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Finalists in Air Force competition will hack a satellite in space | #hacking | #cybersecurity | #infosec | #comptia | #pentest | #hacker


Moonlighter, the first hacking sandbox in space, reached the International Space Station on Tuesday morning. It should exit the space station in late June or early July for cybersecurity testing, giving good hackers the opportunity to perform tests and identify methods that could prevent other satellites from being hijacked.

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“When we say it’s a sandbox, Moonlighter is like a playground where we provide the space and the tools for professional hackers to perform cyber exercises and test out new technology,” Aaron Myrick, project leader for Aerospace Corp., said in a news release. “We hope this will lead to more cyber-resilient architectures for future space missions.”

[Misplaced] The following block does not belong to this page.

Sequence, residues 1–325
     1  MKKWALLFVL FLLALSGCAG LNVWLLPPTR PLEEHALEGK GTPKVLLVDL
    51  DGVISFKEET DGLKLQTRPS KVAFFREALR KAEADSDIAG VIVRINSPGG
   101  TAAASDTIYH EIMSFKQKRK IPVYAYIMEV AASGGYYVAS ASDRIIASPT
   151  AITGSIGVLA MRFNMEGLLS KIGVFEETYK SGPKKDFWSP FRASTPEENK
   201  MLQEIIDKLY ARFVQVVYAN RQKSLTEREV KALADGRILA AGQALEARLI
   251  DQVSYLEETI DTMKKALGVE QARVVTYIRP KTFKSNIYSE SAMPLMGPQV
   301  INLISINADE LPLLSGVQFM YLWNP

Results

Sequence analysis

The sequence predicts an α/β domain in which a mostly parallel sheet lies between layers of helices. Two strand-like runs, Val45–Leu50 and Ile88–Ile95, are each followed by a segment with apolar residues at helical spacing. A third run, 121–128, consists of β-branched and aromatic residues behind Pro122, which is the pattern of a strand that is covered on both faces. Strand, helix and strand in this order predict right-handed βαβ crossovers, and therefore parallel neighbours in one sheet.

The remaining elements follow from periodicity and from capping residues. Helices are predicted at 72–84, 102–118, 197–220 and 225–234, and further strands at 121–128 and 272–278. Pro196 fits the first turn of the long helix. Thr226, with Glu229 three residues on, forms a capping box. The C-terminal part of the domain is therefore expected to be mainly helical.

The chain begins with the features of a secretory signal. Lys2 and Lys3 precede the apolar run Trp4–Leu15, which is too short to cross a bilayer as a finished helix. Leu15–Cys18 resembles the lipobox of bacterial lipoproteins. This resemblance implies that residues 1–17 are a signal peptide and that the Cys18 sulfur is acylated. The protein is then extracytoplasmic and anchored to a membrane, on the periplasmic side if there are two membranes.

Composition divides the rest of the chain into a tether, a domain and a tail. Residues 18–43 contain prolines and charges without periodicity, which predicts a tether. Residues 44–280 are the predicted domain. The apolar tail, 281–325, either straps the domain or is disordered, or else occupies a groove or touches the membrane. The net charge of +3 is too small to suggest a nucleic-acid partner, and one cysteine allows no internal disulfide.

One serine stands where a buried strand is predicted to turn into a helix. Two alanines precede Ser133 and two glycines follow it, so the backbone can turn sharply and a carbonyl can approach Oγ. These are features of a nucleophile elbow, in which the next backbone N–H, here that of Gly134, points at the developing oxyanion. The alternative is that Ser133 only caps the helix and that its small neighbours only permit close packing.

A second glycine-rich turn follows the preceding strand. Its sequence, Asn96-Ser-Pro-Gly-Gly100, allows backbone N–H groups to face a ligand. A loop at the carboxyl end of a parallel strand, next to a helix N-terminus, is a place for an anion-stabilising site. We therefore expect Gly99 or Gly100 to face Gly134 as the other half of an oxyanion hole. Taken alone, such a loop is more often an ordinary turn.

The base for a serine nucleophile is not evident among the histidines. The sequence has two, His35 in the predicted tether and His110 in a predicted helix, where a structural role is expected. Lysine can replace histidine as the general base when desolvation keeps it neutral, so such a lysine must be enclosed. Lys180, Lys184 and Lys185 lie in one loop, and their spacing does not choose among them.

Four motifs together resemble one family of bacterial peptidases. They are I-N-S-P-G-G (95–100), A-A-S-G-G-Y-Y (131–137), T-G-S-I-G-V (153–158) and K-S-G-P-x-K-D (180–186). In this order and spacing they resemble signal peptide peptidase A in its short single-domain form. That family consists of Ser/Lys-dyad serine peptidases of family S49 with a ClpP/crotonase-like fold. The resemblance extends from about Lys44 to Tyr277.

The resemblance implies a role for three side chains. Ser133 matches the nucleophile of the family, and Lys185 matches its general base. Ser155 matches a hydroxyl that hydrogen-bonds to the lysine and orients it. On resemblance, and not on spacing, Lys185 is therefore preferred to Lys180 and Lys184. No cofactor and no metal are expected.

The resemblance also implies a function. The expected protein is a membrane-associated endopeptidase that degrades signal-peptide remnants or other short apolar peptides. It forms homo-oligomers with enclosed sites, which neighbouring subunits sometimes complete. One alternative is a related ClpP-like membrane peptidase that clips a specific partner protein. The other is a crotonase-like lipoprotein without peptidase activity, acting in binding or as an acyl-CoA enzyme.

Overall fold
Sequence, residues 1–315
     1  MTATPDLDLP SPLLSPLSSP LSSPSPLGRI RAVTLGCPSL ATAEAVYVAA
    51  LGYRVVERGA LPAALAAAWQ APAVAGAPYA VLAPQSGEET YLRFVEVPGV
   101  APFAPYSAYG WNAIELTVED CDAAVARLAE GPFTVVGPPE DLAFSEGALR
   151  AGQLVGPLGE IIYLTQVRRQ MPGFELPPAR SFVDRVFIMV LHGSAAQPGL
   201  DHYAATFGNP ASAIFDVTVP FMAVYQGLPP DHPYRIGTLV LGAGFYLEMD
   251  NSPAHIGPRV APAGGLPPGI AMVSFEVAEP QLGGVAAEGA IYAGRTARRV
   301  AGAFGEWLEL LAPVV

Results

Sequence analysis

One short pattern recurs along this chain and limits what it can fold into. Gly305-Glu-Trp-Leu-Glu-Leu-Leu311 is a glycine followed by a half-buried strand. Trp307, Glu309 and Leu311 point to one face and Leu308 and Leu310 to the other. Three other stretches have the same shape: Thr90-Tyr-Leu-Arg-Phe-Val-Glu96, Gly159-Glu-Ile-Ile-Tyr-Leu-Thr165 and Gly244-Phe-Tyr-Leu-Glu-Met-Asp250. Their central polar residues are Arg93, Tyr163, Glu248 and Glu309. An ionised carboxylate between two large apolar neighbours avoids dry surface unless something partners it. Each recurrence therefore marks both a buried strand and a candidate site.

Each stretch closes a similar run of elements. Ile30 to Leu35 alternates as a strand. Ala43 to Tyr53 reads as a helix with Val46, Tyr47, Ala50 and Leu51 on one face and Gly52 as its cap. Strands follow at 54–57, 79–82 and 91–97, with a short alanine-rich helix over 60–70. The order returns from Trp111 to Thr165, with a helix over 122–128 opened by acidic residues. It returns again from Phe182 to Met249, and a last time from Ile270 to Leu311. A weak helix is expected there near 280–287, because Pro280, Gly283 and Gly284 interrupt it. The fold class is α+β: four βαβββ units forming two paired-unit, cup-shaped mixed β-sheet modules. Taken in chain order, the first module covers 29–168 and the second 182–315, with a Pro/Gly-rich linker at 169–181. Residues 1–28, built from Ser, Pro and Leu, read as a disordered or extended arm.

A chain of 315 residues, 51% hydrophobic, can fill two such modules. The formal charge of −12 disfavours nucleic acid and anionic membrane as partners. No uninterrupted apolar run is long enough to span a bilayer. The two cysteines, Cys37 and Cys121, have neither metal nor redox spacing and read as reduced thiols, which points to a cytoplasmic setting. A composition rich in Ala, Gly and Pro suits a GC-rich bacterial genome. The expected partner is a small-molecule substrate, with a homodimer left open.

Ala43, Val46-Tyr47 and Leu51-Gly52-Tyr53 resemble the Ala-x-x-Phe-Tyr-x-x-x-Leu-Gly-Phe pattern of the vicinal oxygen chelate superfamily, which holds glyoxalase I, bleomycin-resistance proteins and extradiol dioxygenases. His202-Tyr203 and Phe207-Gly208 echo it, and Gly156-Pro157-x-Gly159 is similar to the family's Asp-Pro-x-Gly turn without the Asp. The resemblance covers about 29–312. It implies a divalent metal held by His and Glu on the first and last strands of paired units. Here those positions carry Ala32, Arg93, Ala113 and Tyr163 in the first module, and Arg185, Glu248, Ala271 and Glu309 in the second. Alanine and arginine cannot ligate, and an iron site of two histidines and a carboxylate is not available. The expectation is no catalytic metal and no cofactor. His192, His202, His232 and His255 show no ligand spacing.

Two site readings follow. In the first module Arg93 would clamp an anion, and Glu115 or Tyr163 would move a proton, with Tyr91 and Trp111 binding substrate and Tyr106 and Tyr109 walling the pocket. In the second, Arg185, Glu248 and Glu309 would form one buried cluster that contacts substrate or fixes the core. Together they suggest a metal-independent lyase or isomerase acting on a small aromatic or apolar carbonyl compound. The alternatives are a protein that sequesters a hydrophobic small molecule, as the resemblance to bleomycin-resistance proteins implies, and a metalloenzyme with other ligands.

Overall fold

Aerospace Corp. is a nonprofit that operates a federally funded research and development center. It developed Moonlighter with Space Systems Command and the Air Force Research Laboratory. The satellite will be used during Hack-A-Sat 4, the fourth annual satellite hacking challenge presented by the Air Force. This will be the first year finalists get to hack an actual satellite in space.

Moonlighter’s fully reprogrammable payload computer behaves like a flight computer, which allows cybersecurity experiments to be repeatable, realistic and secure. Moonlighter also has a firewall to protect the actual satellite from the hackers.

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